According to the book, Jobs nearly missed meeting Obama in 2010 because he wanted a personal invitation from the President. The standoff lasted for five days before Jobs relented and they met at the Westin San Francisco Airport.
"You're headed for a one-term presidency," he told Obama. He insisted that the administrator needed to be more business friendly and cited the ease with which companies could build factories in China unlike the U.S. where regulations and unnecessary costs make things difficult.
Jobs also criticized the education system in America, saying it was "crippled by union work rules."
"Until the teachers' unions were broken, there was almost no hope for education reform." Jobs reportedly proposed allowing principals to hire and fire teachers based on merit, that schools stay open until 6 p.m. and that they be open 11 months a year.
Finally, Jobs suggested that Obama meet for dinner with six or seven other CEOs who could help express the needs of innovative business. When the White House began adding too many names to the list of attendees, Jobs said that it was growing too big and that "he had no intention of coming." Exhibiting his notorious attention to detail, Jobs also complained the menu was far too fancy and objected to a chocolate truffle dessert. He was overruled by the White House which cited the president's fondness for cream pie.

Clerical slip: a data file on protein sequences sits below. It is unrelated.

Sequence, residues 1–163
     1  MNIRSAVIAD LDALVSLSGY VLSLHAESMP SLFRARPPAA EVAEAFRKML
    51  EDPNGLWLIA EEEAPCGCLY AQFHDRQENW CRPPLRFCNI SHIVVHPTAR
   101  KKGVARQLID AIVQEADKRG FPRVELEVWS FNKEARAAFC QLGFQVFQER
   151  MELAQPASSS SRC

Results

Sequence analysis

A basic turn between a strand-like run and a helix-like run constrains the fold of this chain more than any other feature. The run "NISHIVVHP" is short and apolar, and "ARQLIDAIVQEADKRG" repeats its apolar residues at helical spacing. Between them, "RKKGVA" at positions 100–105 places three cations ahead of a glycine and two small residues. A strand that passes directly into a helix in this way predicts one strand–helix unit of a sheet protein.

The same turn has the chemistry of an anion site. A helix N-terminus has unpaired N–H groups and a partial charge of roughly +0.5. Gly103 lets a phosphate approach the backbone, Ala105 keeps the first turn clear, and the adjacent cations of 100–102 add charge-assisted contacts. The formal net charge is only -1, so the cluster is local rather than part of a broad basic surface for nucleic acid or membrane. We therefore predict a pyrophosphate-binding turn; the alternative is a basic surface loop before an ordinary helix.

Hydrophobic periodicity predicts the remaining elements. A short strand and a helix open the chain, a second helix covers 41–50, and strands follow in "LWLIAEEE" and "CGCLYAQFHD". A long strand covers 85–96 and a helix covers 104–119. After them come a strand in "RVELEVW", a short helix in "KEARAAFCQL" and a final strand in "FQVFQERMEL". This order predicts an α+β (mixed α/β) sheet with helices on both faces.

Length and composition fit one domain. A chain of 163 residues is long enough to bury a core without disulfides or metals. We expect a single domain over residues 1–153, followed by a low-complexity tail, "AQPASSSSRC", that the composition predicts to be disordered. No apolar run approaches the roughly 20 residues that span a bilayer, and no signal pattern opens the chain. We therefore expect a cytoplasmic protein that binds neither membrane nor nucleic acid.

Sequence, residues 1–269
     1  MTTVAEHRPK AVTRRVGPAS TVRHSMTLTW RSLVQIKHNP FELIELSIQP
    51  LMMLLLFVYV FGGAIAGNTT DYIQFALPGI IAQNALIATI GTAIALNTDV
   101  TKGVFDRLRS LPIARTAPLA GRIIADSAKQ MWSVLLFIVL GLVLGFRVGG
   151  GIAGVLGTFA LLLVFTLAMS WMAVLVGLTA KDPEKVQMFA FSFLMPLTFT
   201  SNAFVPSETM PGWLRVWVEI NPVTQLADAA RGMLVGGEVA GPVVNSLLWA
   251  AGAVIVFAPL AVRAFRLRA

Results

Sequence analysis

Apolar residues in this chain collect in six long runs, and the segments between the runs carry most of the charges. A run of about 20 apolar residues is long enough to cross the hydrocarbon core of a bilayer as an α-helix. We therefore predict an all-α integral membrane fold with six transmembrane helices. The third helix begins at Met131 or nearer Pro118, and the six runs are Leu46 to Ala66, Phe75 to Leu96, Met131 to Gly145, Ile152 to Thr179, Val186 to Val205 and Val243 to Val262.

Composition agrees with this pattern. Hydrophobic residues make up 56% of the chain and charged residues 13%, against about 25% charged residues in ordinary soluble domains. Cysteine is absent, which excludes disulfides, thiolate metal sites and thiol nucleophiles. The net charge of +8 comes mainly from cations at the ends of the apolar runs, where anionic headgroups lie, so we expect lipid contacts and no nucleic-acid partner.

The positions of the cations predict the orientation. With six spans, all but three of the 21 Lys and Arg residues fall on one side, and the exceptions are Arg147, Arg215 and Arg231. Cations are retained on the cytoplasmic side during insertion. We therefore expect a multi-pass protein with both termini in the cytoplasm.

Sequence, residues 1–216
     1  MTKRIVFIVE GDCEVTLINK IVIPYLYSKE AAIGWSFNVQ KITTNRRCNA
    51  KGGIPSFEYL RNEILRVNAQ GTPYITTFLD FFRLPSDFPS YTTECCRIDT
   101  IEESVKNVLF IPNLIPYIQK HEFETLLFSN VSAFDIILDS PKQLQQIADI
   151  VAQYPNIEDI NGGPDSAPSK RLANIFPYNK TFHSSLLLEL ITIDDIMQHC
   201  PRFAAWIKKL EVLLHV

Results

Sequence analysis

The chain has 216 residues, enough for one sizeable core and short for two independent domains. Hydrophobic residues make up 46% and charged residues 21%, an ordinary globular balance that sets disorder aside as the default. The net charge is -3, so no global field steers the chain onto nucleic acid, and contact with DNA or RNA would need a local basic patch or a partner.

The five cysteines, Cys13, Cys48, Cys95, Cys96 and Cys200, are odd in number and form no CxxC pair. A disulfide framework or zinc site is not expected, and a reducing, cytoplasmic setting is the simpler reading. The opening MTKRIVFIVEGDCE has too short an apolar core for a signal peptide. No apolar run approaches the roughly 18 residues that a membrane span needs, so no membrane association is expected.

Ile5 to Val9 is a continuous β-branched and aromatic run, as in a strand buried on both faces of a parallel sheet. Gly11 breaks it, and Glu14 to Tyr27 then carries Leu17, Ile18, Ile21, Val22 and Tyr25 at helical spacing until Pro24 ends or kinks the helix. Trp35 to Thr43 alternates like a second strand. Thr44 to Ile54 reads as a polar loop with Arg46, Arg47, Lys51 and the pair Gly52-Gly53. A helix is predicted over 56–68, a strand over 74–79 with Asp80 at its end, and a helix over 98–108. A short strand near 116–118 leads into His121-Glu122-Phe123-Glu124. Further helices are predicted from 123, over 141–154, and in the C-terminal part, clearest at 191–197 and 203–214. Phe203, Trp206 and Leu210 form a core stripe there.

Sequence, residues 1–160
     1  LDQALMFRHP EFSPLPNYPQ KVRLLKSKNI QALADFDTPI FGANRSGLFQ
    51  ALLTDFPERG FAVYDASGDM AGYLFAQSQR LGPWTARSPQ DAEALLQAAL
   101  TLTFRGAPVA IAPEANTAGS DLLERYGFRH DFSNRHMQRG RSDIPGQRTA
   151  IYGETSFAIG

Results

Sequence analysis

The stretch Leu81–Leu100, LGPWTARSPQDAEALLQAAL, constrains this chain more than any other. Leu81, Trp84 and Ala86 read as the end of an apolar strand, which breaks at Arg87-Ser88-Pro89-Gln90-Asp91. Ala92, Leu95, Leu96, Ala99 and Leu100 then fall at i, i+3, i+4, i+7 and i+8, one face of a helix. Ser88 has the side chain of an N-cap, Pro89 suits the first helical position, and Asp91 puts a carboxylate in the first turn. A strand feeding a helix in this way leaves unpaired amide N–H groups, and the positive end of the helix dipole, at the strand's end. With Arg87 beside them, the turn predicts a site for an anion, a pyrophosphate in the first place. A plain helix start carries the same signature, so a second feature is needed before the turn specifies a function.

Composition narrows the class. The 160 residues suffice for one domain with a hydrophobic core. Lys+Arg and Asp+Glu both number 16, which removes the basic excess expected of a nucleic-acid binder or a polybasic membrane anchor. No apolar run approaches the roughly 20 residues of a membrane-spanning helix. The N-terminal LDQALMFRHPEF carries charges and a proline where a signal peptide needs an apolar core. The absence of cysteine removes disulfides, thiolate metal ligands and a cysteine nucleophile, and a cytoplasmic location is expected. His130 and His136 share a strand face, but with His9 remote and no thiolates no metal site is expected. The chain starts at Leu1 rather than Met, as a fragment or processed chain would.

Though Jobs was not that impressed by Obama, later telling Isaacson that his focus on the reasons that things can't get done "infuriates" him, they kept in touch and talked by phone a few more times. Jobs even offered to help create Obama's political ads for the 2012 campaign. "He had made the same offer in 2008, but he'd become annoyed when Obama's strategist David Axelrod wasn't totally deferential," writes Isaacson. Jobs later told the author that he wanted to do for Obama what the legendary "morning in America" ads did for Ronald Reagan.